Asia and Europe: Coming together or drifting apart?Posted: 07:05 pm 02 July 2012 Category: Business & Policy
By Rekha Manoharan
We are living in an increasingly interdependent world. Asia's interests and those of Europe intersect more than ever before. In this international landscape, understanding cultures is vital for improving relations between countries and regions.
Professor Tommy Koh, Ambassador-at-Large, Ministry of Foreign Affairs of Singapore, shed light on the current state of Asia-Europe relations last month. Sharing his views along with experts from the fields of business and political affairs during a public briefing held in Singapore, Professor Koh offered an insightful and frank discussion on the state of Asia-Europe relations and the prospects for future convergence.
In recent months, all eyes have turned towards Europe as its economy undergoes a period of challenge and change. The Eurozone remains the world's largest economic bloc and is a major source of technology and innovation for the rest of the world. Asia-Europe relations have recently focussed predominantly on the Eurozone's current debt crisis and the potential adverse impact on Asia.
Whilst some European voices have expressed some hope that Asian countries can mobilise support for their European counterparts, the Asian response has so far been reserved. With Asian economies growing rapidly, Europe's future prosperity is said to depend increasingly on its engagement with Asia. However, in the sphere of international relations, the case of the Asia-Europe partnership is still said to be the weakest. Although both regions have cooperated bilaterally on several issues, they are still yet to develop a cooperative dialogue. The benefits to be gained from this powerful alliance are significant.
Experts suggest that in order to establish stable economic relations, it is important for both regions to learn through common interests, speak openly about possible challenges and make concessions where needed. In reaching a mutual understanding, both regions must be willing to listen to and understand the other, instead of seeking to impose one's views on the other. Some argue that the problem, in many cases, lies with Europe's self-perception as a "benevolent superpower", in other words, a region which sets the universal norms for policy, economic growth and cultural influence.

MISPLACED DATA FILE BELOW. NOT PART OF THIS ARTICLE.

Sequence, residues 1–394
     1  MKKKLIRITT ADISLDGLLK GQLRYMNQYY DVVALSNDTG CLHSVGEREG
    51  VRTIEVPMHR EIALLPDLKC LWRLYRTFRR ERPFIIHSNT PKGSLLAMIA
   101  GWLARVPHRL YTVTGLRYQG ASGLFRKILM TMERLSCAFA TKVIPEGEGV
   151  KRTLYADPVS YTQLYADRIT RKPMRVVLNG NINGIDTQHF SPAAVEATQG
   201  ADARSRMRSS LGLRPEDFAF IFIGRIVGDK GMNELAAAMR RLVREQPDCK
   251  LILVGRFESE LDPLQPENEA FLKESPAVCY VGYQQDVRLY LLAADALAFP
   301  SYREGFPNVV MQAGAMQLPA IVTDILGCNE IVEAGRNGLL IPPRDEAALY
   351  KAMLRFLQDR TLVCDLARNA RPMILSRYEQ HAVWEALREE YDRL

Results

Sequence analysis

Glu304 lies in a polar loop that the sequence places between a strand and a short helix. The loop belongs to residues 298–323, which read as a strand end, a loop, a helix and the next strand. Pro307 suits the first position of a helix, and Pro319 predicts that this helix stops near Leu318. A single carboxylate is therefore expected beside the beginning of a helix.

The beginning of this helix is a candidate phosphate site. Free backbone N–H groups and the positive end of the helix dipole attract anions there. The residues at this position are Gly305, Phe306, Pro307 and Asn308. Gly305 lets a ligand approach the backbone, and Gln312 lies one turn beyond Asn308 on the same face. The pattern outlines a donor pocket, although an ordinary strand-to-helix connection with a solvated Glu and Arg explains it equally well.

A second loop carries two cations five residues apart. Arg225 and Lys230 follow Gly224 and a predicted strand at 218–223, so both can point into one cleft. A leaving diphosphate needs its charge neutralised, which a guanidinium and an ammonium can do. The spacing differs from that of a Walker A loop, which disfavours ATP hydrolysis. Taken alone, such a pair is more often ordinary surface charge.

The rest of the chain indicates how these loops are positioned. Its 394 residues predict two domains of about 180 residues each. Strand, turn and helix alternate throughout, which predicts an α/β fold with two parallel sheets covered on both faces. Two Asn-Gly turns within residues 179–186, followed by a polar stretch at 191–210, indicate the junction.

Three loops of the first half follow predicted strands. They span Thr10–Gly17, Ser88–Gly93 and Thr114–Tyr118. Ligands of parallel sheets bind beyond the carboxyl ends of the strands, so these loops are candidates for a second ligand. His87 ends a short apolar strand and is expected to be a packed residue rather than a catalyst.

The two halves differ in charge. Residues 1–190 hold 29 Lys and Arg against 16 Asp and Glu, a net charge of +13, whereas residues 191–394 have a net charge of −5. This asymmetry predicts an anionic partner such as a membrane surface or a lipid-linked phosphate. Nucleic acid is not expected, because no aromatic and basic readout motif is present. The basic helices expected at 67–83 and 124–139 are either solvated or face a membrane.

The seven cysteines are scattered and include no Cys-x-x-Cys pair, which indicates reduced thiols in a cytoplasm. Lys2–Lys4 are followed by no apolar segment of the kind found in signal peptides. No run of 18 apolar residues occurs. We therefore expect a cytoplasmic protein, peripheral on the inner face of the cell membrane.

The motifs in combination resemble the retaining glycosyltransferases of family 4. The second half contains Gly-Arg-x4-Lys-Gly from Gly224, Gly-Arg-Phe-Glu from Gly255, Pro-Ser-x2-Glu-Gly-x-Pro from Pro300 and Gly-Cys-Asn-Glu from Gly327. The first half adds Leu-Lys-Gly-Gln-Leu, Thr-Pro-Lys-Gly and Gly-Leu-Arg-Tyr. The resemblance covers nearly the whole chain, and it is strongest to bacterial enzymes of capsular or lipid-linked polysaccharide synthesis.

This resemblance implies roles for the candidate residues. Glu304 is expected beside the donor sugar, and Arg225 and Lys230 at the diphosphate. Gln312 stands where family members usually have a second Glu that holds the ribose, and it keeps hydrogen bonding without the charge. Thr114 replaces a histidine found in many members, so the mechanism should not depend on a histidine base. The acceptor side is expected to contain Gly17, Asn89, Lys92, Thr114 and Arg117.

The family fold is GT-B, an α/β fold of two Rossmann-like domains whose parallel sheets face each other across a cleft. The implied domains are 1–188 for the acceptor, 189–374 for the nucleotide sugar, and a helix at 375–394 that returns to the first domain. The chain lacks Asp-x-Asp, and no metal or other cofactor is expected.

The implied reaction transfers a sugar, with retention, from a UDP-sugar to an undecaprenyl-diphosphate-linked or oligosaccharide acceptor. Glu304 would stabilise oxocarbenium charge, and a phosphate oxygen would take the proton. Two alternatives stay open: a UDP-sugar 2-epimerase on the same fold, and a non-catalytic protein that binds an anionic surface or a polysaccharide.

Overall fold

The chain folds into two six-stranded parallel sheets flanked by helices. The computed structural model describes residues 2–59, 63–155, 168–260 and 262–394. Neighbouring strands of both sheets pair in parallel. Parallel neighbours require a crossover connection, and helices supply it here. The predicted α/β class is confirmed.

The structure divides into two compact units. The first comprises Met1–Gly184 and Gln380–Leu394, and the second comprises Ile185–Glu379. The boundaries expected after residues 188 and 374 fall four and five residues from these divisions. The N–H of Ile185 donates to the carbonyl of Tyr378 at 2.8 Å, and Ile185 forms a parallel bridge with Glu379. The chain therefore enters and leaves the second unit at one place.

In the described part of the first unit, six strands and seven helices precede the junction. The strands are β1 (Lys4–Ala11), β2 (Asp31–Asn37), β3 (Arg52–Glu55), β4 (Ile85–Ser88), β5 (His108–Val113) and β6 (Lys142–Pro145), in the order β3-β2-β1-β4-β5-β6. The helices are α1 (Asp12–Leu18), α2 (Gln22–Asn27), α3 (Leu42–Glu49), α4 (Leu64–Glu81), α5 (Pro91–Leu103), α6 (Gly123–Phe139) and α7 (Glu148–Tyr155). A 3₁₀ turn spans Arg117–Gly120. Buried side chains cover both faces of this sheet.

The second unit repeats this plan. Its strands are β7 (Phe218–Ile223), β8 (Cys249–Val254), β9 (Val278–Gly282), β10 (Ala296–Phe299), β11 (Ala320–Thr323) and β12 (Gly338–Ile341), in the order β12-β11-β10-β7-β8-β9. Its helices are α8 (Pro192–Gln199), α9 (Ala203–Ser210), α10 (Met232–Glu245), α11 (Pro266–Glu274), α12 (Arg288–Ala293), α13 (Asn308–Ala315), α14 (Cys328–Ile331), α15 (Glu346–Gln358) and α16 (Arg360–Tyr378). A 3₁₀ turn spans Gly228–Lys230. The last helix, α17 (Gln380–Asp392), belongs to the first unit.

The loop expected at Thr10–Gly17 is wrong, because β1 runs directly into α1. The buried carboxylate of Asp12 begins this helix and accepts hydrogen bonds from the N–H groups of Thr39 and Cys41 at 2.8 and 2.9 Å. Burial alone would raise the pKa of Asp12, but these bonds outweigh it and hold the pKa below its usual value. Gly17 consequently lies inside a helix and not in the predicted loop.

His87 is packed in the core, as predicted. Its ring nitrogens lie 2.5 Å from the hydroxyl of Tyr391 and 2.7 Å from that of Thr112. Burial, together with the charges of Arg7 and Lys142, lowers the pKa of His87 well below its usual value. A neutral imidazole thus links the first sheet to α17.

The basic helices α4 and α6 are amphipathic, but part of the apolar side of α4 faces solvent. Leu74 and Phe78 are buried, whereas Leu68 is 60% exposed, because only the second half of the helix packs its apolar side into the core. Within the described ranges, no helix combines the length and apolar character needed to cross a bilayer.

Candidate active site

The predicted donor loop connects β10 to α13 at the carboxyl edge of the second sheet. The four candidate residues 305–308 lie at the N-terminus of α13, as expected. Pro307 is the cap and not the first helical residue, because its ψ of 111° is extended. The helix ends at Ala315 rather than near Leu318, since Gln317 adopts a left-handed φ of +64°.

Professor Koh also highlighted that Asia has learned many lessons from Europe. Every year, thousands of Asian students flock to Europe in pursuit of university degrees. However, the same does not apply for Europe. Perhaps for a change, he suggests Europe could learn from Asian models. Professor Koh drew on the 1997 Asian crisis to illustrate a scenario whereby Asians and Europeans differ in their responses to a financial crisis. In 1997, ordinary citizens in South Korea and Thailand donated their gold and jewellery to their respective governments to help save their countries from economic meltdown. Whilst a cultural difference is evident in this case, Europe can learn from Asia on the willingness to accept short-term pain for long-term gain.
There are certainly more lessons to be learned on how quiet Asian pragmatism continues to deliver steady economic growth. Despite the rapid emergence of the new powers, the region remains relatively stable. ASEAN continues to outperform the EU in the geopolitical sphere through its efforts to bring together developed economies into concentric circles of cooperative engagement. The EU should make a determined effort to understand how replicating the East Asian experience could mean a more stable future for Europe. Easily, this would also allow Asia and Europe to cooperate across a diverse spectrum of issues and challenges.
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